Last week I traveled to Jamaica to visit clients in Montego Bay and Ocho Rios. During our trip, we also attended to some matters in the port town of Falmouth where Royal Caribbean parks its new mega-ships, the Genesis class Oasis of the Seas and the Allure of the Seas.
Falmouth is the capital of Trelawny parish, Jamaica, located on Jamaica's north coast near Montego Bay.
Falmouth was named after the birthplace of Sir William Trelawny in Falmouth, Cornwall, Britain. In the late 1700's, Jamaica was the world’s leading sugar producer. At the turn of the 1800's, one hundred sugar plantations in Trelawny parish provided sugar and rum for export to Britain. Falmouth has a notorious past because it was a center for the slave trade from Africa. Based on its rum, sugar and slave business, it became one the wealthiest ports in the "New World."
Falmouth has since fallen on hard times; its quaint Colonial architecture appears now largely in a state of ruin.
Several years ago, Royal Caribbean had a problem. It designed its new "Genesis" class cruise ships (Oasis of the Seas and Allure of the Seas) but few ports could accommodate them. These mega ships were far too big to dock at the Freeport / Montego Bay facility.
The cruise line approached Jamaica and proposed a deal where Royal Caribbean would agree to use Falmouth as a port for its new cruise ships - provided that Jamaica would spend around $120 million deepening its port and creating a new facility to handle the new ships. The trade-off to Jamaica for this investment would supposedly be the infusion of money into Falmouth and the surrounding parish when the Oasis and the Allure, each with over 6,000 passengers, arrived in town.
Falmouth has a population of around 7,500. In theory, the population of the town would essentially double any time one of the Genesis class ships arrived at port, with lots of Americans with cash in their pockets.
Jamaica jumped at the deal. No environmental impact statement or detailed economic analysis was prepared. The Port Authority of Jamaica (PAJ) prepared promotional materials suggesting that "the destination will deeply reference the town's history, offering visitors a unique sensory experience of the Colonial era." Royal Caribbean's President Adam Goldstein signed the deal with Jamaica's Prime Minister Bruce Golding and promised to deliver 400,000 passengers a year to Falmouth over the next 20 years, with an expectation that each passenger would spend over $100 in the port.
So is Royal Caribbean living up to its promises to Falmouth?
The Allure of the Seas was in Falmouth when we arrived. To my surprise, there were relatively few cruise passengers sightseeing, eating in restaurants, or buying souvenirs in town. It was hard to determine whether the passengers were remaining on the gigantic Allure city-to-itself cruise ship, or they had left in tour buses.
There are few signs that Royal Caribbean has invested anything in Falmouth. There is a new plaza in the middle of the town which replaced a traffic roundabout. There are a few newly planted palm trees desperately in need of irrigation.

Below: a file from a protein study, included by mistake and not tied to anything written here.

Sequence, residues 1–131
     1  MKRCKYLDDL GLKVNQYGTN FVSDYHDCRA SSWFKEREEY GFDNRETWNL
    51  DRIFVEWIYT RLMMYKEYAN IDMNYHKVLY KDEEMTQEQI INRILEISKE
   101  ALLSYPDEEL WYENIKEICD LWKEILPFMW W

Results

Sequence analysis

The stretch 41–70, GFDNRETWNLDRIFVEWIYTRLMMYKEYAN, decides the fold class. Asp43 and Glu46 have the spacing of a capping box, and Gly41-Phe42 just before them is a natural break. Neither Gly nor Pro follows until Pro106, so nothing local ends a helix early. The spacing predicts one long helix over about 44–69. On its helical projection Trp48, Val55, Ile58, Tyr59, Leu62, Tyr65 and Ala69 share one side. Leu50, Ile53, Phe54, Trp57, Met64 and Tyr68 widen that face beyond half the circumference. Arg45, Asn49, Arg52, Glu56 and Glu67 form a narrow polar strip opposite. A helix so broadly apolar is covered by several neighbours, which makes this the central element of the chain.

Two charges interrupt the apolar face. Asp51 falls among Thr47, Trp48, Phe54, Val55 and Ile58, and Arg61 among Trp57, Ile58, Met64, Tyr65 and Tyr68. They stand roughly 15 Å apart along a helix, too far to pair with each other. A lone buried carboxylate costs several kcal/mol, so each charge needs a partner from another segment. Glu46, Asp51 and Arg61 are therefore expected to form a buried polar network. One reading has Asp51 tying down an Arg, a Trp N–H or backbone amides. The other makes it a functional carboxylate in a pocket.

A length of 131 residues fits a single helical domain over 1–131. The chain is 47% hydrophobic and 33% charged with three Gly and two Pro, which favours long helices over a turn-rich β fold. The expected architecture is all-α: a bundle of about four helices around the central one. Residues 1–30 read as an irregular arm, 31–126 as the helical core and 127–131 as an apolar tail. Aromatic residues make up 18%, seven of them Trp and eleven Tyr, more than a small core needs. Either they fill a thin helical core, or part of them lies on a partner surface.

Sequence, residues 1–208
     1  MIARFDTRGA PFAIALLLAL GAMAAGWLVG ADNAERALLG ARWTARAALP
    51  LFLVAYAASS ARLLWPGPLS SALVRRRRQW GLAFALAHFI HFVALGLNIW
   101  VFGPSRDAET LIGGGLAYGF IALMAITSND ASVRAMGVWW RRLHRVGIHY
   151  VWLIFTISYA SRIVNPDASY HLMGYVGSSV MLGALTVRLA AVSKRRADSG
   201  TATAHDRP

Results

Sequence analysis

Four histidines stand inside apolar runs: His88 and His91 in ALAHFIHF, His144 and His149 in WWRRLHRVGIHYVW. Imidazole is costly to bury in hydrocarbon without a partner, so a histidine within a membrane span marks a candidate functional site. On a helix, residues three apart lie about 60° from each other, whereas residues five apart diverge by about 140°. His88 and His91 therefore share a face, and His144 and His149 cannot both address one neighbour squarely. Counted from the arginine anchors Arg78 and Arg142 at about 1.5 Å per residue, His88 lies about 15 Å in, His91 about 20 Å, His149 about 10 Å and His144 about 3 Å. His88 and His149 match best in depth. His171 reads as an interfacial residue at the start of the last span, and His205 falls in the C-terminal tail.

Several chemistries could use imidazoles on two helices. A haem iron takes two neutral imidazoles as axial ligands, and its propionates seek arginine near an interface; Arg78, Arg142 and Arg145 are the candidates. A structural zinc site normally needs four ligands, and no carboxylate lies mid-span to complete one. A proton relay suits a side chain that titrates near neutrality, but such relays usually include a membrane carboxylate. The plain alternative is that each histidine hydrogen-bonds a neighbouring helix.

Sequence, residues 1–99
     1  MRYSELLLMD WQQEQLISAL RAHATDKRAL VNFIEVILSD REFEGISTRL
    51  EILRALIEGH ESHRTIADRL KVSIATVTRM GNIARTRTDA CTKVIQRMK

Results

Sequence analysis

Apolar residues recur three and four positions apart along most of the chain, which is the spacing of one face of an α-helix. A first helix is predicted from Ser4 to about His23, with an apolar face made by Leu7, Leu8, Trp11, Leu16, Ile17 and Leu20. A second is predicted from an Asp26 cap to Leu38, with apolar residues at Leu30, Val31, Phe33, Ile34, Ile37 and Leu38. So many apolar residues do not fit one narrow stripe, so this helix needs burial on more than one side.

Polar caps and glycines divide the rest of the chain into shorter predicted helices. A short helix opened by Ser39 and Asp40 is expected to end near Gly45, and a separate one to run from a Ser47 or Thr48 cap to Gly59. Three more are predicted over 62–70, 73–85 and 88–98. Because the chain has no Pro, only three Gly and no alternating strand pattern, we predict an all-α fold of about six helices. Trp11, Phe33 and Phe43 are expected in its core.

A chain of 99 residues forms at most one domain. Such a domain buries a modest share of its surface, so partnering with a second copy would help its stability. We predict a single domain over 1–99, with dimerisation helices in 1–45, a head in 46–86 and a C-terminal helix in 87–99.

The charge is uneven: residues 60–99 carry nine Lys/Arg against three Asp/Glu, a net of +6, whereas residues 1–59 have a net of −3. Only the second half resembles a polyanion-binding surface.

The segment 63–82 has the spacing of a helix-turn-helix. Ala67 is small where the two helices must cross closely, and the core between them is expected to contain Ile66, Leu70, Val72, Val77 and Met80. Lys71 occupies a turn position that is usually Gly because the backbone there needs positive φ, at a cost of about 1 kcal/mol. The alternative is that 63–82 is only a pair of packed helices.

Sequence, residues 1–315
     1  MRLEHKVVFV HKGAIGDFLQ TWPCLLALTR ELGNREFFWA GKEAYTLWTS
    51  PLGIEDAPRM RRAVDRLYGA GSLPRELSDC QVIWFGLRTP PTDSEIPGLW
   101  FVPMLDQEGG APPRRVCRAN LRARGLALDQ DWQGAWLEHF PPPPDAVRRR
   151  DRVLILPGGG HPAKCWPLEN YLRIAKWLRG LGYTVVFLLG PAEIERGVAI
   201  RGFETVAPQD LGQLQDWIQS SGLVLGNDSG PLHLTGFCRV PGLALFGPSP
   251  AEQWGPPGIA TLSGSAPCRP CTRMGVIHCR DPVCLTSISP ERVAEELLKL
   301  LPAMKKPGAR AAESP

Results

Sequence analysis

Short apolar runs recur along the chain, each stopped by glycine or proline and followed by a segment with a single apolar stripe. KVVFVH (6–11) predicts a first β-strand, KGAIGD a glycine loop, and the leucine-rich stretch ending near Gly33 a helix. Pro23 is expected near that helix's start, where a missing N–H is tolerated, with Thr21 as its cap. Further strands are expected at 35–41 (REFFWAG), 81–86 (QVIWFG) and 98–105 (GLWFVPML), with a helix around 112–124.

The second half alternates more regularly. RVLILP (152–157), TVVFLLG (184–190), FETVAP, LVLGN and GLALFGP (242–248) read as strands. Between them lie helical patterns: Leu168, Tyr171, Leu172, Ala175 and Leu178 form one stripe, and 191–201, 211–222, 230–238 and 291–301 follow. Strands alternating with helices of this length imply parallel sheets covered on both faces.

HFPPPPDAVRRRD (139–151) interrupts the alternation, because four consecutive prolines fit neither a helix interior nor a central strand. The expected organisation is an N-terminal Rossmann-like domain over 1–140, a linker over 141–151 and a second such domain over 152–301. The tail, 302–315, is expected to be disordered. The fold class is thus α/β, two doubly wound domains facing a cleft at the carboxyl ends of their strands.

We asked a number of store owners and local Jamaicans what they thought about the new port. A few restaurant owners were appreciative of the cruise ships which brought crew members looking for a place to eat and relax. But no cruise passengers were inside. Most Jamaicans expressed mixed feelings, complaining that the passengers are loaded up in cruise-line-arranged tour buses inside of the port, where excursions sold are largely for the benefit of the cruise line and then the passengers are quickly bused out of Falmouth towards Ocho Rios and Dunn's River Falls.
Were Royal Caribbean promises to Falmouth just sweet talk and part of the seduction of Jamaica to belly up over $100 million to dredge a deeper port for the Oasis and Allure mega ships which could not port in Freeport? Will even a dime of the hundreds of millions of dollars in cruise line profits ever find their way into schools for the kids of Falmouth or the sick and infirm in the modest medical center at the outskirts of this historic old town?
When we left Falmouth to drive over to Ocho Rios, we parked and looked back at the new port. I took a photo of the Allure of the Seas looming over the few two story buildings at the port which were not knocked down during the "revitalization" of Falmouth. I could not help but think what an appropriate image of the relationship between this huge cruise company and the little town of Falmouth.
Counting all passengers and crew, the Allure contains more people than all of Falmouth. When the cruise ship left to sail back to Miami, it was leaving with literally tens of millions of dollars destined for the cruise line's coffers. Aside from the money spent on Bob Marley t-shirts and wood carvings, few U.S. dollars remained in Falmouth.
As a history major, I believe that the answers to questions about the future remain firmly planted in the past.
Jamaica has a history of being exploited by foreign plantation owners, sugar barons, slave owners, and bauxite-mining companies.
In the end, Royal Caribbean will do no better for Falmouth than those in the past who have taken greatly and given little in return to this beautiful island.